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Where to eat – Hoi An, Vietnam

There are many restaurants within Hoi An village Vietnam and about 400 shops, and restaurants in total, but as we said earlier, tourism is really quite a new experience to these lovely people and whilst learning English is now compulsory in Vietnamese schools, service staff often struggle to understand and you will need a lot of patience and smiles, although if anything we felt that added to the charm.

Whilst restaurants (and a few wine bars) here find their feet and get used to the market, prices vary to an incredible extent and we experienced examples from US$7.5 (about £5.00 sterling) for a 6 course meal to 3 times that for only one course at the “Mango Room” where the menu is pretentious, quality questionable and hugely overpriced.

Cargo Club (Bach Dang Street), on the other hand offered a really nice range of authentic Vietnamese food, desserts and pastries, where a (huge) chocolate brownie with both vanilla and caramel ice cream came to US$1.5 or about £1.00 sterling and our main course of squid stuffed with pork was beautiful and great value at US$4.5 or about £3.00.

The “White Marble” wine bar (corner of Nguyen Thai Hoc and Le Lo)was nice to relax in and watch the World go by, even if its Pinot Noir cost about US$7.00 a glass or roughly £5.00 so a bit on the expensive side.

Our supper at “Nha Hang Pho Hoai” by comparison was not only disappointing, tasteless and served on cold plates, but service was so slow that people were cancelling their order and leaving – don’t be persuaded by the buzz and nice layout!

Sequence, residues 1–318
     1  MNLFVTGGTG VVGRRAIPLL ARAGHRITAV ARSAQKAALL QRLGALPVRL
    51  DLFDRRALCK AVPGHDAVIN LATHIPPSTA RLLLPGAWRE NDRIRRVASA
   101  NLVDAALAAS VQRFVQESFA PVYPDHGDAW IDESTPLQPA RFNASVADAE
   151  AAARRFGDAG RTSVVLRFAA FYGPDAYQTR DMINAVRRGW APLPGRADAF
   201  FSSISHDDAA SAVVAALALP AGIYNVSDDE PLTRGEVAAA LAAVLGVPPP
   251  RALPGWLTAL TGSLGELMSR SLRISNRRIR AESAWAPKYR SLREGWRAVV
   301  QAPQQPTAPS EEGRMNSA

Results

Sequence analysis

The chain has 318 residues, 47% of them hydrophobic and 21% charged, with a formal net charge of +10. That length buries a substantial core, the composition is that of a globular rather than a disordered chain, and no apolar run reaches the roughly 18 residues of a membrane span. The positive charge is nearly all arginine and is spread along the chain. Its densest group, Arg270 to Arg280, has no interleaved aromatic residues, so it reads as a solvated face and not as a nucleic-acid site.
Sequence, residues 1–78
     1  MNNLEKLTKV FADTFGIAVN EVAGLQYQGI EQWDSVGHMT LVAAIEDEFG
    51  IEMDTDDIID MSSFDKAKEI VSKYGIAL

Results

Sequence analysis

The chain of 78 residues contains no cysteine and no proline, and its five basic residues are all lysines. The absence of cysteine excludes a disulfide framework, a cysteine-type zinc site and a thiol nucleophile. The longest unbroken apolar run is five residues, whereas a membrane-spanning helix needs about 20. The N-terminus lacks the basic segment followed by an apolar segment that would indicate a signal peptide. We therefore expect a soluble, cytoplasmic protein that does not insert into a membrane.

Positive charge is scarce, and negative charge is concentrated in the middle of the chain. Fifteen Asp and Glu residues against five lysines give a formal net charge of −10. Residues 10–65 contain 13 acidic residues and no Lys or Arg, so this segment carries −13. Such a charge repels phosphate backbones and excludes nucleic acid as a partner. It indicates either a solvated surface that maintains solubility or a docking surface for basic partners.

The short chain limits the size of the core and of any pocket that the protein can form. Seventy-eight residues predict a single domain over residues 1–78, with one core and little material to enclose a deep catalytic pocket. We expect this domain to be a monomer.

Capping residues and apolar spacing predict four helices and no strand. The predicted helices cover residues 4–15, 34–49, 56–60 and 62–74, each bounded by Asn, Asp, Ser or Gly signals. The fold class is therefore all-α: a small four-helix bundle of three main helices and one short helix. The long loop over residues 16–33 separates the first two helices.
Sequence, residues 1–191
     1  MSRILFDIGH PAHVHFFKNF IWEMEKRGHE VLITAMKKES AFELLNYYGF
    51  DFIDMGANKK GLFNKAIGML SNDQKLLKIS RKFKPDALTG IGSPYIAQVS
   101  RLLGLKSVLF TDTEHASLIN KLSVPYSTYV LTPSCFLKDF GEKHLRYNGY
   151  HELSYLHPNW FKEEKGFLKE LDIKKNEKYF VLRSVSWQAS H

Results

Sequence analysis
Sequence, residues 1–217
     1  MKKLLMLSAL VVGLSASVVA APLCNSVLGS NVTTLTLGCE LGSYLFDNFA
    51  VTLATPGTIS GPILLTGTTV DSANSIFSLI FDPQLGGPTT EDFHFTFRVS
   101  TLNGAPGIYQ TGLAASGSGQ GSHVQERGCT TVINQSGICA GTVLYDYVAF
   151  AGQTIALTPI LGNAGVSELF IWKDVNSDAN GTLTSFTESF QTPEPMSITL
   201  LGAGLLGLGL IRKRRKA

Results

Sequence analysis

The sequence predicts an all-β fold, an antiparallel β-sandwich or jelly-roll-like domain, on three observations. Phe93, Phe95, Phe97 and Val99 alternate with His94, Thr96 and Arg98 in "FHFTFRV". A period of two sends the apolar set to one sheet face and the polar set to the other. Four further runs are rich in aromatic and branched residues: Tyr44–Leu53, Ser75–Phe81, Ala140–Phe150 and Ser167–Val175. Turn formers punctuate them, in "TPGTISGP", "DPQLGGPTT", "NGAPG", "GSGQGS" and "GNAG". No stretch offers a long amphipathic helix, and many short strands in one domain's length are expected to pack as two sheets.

The service was polite although regrettably slow also at “Dem Hoi – Festival Night”, just around the corner from our hotel, but we realised that absolutely everything was freshly prepared and so I think I’m going to recommend this small street side, open fronted cafe on Pham Hong Thai Street, where the food was worth the wait and I’m sure (as long as it doesn’t sound I’m patronising them) that they will get better.

At the end of the town where Bach Dang and Nguyen Thai Hoc streets merge (next to the bridge at the West end of town), you will find many a street hawker who sets up an instant kitchen in the evening on the grass next to the river and serves the traditional and authentic Vietnamese “Pho soup”; a tasty noodle dish with chicken stock, herbs, spring onion, chicken or beef, chilly and lime and all for about US$0.75 – yes, about 50 pence!

Riverside Hoi An Vietnam

Riverside Hoi An Vietnam

I could go on at infinitum as there are many places to eat, but I think the best advice I can offer is to check the prices before you go in and avoid the brash over Americanised imitations that are trying to make a fast buck (oh and come back and look again as we will be writing more)


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